For some time, we have been saying that Americans are concerned with the overly burdensome and stifling regulations coming from unelected bureaucrats in government agencies more concerned with rewarding special interests than facilitating job creation. This week, two separate polls revealed that voters believe government is getting in the way of business and that there is wide-spread opposition to the actions of the Obama Administration’s National Labor Relations Board (NLRB).
The finger wagger in chief, in too many ways to count, has permanently forfeited his moral authority.
President Obama’s speech on Thursday night bordered on parody.
The only tax increase that’s going to save us is one that comes from a vibrant, job-creating private sector that’s growing government revenues because the economy is healthy. Unless Obama takes his foot of the neck of energy, this economy is going to sputter.
Just a few short weeks ago, the Washington metropolitan area was preparing for Hurricane Irene and the strong winds and rainfall accompanying the storm. Most parents and homeowners were running around town picking up batteries, buying flashlights and purchasing water in the event there were significant disruptions in power.
Eric Cantor plans to go on offense for job creation when the House convenes for business after Labor Day. In a memo to Republican members yesterday, Majority Leader Cantor outlined a strategy to reduce the tax burden on small business owners and repeal ten regulations that increase cost and stifle job creation.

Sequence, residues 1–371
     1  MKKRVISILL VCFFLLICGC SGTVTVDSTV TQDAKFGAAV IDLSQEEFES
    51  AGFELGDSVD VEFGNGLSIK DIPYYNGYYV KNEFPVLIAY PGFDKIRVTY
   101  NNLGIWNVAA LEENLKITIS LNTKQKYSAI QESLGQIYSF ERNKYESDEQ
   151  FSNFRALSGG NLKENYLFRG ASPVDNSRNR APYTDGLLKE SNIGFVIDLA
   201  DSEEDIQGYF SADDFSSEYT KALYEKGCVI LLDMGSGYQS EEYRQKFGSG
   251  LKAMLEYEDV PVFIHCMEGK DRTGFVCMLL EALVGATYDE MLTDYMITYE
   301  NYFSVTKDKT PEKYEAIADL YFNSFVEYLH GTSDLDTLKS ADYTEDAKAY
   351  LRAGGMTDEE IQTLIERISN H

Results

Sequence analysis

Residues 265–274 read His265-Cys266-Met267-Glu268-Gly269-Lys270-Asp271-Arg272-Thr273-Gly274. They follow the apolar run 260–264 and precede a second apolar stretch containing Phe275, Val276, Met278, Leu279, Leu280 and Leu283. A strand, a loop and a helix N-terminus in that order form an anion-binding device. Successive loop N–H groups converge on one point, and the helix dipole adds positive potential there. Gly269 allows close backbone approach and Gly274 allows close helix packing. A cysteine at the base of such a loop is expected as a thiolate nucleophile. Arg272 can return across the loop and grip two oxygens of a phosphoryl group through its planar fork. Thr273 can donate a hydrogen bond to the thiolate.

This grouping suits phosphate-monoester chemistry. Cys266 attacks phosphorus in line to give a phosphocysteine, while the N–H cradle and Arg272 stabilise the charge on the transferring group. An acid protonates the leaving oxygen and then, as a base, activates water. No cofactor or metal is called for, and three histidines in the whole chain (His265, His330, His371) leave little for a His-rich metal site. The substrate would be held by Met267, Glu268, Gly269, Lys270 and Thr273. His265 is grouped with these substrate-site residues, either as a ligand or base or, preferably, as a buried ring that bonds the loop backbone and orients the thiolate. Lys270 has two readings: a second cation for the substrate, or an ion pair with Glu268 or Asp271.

Thanks to Illinois governor Pat Quinn and the Illinois legislature Illinois Loses Most Jobs in the Nation.
As recent economic news has demonstrated, the road to recovery for our nation will be long and precarious. With extended debate on measures to eliminate debt as foreign governments deal with solvency issues, the markets have been extremely volatile, all of which has greatly impacted our economy.
Every expansion of big government starts with a lofty, often inspiring goal. Politicians and interest groups identify a problem, and in turn, identify a corresponding government solution. Of course, more often than not, those solutions fail – or even worse, cause further harm.
Politicians love to extol the virtues of small business and praise the entrepreneurs who take risks to create jobs – when it's politically expedient for them to do so. But when the political winds change, the political establishment is quick to take to the airwaves to vilify small business owners for being profitable, dubbing them "millionaires" and calling for an increase in their taxes.
"In a presidential straw poll conducted at the Western Conservative Summit Perry came in second to Herman Cain, but since the politically inexperienced Cain won't win the nomination, Perry's finish demonstrates strength among at least some conservatives."
The demonstrably false party line being peddled by President Obama and the Democrats in the budget battle is that tax increases must be a large part of the deal because corporations and the rich don't pay their fair share.